Monday, February 20, 2012

Wanted: The ‘Perfect' Journal

Any notebook will do for your writer's journal. You can use a spiral notebook or composition book from the school supplies section a t your favorite store or visit the bookstore for a selection of blank books. The variety is impressive, from lined or unlined sheets to various sizes (and shapes). The important thing is that you feel comfortable with the book so you'll enjoy writing in it often.

You might even prefer to use your computer to journal. Many of my writing friends insist this is the best method because of the "search and find" features on most word processing programs. I prefer a portable, handwritten journal. If this is your choice, too, choose a writing instrument with as much care as the journal itself. Do you want to hear the scratching of a pencil or marker on the page or feel the glide of a gel-ink or fountain pen? I like the feel of smooth, thicker paper and the fast, flowing ink of a Roller Ball. But, I also prefer different colors to help me designate different days at a glance. The choice is yours.

Whichever method you choose, be sure to keep the first few pages blank. Record favorite writing exercises or prompts on those opening pages. You'll be able to quickly find writing prompts whenever you want to write during unexpected spare time. Each time you complete an exercise, you'll gain something more from it. Draw from these completed exercises, just as you'll glean from experiences in each journal entry in developing writing ideas.

Sunday, February 12, 2012

Journaling: Writers Basic Training

Keeping a journal is the best way to harness thoughts, memories, ideas and dreams. Those penned experiences will provide plenty of details to add realism to your stories. Journaling also serves as "training," to help you find your writer's voice, among many other writing skills.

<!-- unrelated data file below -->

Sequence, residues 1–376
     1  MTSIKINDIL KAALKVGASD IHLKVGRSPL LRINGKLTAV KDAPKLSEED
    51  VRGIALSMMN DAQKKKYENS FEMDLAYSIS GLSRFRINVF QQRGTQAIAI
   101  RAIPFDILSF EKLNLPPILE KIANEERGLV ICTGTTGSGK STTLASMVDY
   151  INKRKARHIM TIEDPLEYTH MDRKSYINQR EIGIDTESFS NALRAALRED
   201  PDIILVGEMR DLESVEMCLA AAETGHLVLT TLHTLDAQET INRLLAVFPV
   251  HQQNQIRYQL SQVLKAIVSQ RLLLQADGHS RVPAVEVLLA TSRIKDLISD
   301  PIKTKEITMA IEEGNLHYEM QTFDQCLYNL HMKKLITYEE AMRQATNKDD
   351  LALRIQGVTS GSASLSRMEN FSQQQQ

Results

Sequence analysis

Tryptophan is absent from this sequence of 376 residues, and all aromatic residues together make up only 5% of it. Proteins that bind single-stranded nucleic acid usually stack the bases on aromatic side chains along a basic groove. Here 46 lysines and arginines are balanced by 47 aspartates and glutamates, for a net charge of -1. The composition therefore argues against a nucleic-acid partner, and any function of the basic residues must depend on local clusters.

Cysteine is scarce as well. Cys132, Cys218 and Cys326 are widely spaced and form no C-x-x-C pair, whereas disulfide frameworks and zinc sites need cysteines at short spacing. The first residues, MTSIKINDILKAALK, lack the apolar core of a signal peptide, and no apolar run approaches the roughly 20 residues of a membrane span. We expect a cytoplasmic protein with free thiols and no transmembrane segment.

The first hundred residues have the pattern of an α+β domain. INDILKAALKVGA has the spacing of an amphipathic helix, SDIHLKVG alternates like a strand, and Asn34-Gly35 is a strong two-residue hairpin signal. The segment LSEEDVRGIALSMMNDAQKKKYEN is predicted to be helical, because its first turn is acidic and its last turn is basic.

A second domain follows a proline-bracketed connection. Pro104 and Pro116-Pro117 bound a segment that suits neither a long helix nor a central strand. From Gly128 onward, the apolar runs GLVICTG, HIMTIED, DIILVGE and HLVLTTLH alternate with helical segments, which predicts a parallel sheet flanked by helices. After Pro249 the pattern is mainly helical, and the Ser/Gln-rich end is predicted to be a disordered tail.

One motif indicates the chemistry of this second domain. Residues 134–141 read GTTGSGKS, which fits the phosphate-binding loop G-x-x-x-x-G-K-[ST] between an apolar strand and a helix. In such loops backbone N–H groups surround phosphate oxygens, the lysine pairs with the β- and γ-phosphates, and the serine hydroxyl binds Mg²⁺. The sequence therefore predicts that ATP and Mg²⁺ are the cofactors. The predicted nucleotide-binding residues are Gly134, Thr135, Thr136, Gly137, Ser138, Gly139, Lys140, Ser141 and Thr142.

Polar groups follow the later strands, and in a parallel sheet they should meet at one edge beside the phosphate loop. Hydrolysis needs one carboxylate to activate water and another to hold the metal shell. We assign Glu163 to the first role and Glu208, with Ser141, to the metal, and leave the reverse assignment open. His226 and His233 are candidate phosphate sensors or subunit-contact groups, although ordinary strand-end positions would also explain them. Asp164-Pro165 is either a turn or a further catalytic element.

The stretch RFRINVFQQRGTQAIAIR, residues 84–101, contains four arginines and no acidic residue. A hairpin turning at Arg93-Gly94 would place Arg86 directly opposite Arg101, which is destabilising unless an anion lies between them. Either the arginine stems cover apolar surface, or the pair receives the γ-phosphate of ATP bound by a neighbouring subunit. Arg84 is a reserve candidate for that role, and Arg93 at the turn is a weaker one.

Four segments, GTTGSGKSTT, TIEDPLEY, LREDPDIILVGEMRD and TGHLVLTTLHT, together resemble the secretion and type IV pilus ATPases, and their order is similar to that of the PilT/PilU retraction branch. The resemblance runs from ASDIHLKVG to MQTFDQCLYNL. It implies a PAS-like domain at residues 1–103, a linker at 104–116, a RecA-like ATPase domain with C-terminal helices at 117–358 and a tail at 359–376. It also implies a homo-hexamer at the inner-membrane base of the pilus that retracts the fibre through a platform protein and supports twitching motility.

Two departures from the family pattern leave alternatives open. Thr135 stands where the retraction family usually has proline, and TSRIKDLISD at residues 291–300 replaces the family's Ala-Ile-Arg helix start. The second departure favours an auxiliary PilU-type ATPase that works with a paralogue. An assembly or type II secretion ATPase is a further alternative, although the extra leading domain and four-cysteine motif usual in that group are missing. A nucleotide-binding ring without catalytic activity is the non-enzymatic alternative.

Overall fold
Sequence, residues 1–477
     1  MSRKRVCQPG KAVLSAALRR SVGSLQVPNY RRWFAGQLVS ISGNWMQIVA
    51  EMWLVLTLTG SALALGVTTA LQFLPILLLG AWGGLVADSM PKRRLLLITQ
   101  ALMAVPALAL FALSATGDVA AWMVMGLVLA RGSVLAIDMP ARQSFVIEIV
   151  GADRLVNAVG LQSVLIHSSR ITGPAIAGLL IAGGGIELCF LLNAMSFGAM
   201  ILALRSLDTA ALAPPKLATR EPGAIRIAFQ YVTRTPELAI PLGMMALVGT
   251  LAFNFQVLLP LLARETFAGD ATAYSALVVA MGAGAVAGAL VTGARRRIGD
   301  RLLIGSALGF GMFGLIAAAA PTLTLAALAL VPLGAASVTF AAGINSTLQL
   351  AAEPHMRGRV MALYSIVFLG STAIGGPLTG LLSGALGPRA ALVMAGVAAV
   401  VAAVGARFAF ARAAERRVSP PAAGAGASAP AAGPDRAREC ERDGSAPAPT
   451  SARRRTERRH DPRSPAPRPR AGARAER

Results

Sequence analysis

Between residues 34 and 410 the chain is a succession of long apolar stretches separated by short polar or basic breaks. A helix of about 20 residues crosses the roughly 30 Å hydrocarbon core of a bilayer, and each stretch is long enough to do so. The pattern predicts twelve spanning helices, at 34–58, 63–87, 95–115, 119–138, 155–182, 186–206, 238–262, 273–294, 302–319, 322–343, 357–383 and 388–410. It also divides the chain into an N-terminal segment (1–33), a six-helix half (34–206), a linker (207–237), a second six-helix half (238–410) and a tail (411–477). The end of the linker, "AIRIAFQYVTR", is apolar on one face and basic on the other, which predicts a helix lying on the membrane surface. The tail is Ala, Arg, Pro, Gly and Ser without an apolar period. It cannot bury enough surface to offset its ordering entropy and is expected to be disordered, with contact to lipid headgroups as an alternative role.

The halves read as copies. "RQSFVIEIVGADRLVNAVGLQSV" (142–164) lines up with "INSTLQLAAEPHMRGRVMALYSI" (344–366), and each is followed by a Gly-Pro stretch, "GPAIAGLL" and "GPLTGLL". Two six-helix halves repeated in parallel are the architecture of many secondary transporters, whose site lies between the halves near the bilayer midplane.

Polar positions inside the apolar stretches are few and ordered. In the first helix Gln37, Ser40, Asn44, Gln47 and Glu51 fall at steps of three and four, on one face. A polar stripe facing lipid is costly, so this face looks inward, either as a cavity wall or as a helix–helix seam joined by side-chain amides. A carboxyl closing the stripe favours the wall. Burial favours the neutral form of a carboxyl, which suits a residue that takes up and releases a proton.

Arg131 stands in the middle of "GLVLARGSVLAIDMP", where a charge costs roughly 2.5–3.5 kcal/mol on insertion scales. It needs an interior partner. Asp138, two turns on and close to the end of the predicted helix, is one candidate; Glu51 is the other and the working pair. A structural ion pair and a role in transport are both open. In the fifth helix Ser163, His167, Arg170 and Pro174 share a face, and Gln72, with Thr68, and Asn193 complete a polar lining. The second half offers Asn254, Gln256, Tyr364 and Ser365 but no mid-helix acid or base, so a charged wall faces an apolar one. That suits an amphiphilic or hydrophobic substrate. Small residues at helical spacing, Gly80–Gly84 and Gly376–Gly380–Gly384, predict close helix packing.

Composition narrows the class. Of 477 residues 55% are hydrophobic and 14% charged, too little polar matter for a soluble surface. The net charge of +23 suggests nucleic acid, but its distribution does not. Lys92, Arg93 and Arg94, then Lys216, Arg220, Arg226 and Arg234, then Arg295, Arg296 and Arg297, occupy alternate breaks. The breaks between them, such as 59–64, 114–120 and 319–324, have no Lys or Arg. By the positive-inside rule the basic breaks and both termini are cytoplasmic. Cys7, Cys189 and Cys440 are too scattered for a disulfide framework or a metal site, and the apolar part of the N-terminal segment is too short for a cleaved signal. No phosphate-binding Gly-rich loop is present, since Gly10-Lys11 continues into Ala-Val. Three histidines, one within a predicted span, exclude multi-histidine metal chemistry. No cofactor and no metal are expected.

You don't need to write daily, and the entries you make could be one page or ten pages. They don't need to make sense as far as transitions or sequence either. I often use // in the margin of my journal to indicate a change in thought or when I've returned later in the day to record a new thought or idea. I put an asterisk next to ideas or dreams that I think have story or article potential. I usually reread entries monthly to add idea notes in the margins or highlight pieces I think may be useful in the near future. 

Sometimes entries during the course of several weeks or a month show an idea slowly developing and I'll start a new entry which comments on those previous ideas, reminding myself how the idea sparked and where I see it possibly leading. It is usually a lack of time that keeps me from outlining or drafting these ideas right away, so using the journal helps me document them for later development.

I also do writing exercises in my journals, practicing different story elements–dialogue, description, sensory details. I find it helpful to clear my mind by writing ideas down before bed-time. When I'm under deadline, journaling helps me clear my thoughts each morning so I'm able to focus on the project at hand. 

Thursday, February 2, 2012

Tuning into Ideas

You've already begun recording ideas as you notice them. Another way to find ideas is to make some lists. It helps to open with questions. What topics interest you? Try to list two or three. What questions are triggered when you watch or read the news? List a few. Collect names for places and characters, too. Use the ideas you gather to fill in the following list. Try to collect ten items in the coming week.


Find and write down inspiring quotes, too. At the end of the week, review your list and write down article ideas or story plots based on merging the bits and pieces you've recorded.
Challenge yourself to expand the list each week, building to 12, 15, 18, or 20 items in the coming weeks.